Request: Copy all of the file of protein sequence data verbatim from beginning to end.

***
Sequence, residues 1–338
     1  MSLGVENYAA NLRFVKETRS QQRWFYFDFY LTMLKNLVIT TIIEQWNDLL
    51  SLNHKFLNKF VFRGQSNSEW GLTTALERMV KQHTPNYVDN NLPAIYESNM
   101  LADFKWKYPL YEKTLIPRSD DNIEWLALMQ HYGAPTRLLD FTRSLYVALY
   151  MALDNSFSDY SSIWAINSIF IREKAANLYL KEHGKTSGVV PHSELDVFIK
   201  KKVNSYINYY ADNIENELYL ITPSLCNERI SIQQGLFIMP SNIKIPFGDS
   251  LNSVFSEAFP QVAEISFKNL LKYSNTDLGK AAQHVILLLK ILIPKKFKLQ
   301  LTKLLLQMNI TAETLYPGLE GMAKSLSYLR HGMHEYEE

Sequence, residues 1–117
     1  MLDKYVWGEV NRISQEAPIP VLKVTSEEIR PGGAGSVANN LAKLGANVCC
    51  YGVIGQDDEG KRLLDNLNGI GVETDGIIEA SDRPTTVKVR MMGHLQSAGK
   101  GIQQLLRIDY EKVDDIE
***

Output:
Sequence, residues 1–338
     1  MSLGVENYAA NLRFVKETRS QQRWFYFDFY LTMLKNLVIT TIIEQWNDLL
    51  SLNHKFLNKF VFRGQSNSEW GLTTALERMV KQHTPNYVDN NLPAIYESNM
   101  LADFKWKYPL YEKTLIPRSD DNIEWLALMQ HYGAPTRLLD FTRSLYVALY
   151  MALDNSFSDY SSIWAINSIF IREKAANLYL KEHGKTSGVV PHSELDVFIK
   201  KKVNSYINYY ADNIENELYL ITPSLCNERI SIQQGLFIMP SNIKIPFGDS
   251  LNSVFSEAFP QVAEISFKNL LKYSNTDLGK AAQHVILLLK ILIPKKFKLQ
   301  LTKLLLQMNI TAETLYPGLE GMAKSLSYLR HGMHEYEE

Sequence, residues 1–117
     1  MLDKYVWGEV NRISQEAPIP VLKVTSEEIR PGGAGSVANN LAKLGANVCC
    51  YGVIGQDDEG KRLLDNLNGI GVETDGIIEA SDRPTTVKVR MMGHLQSAGK
   101  GIQQLLRIDY EKVDDIE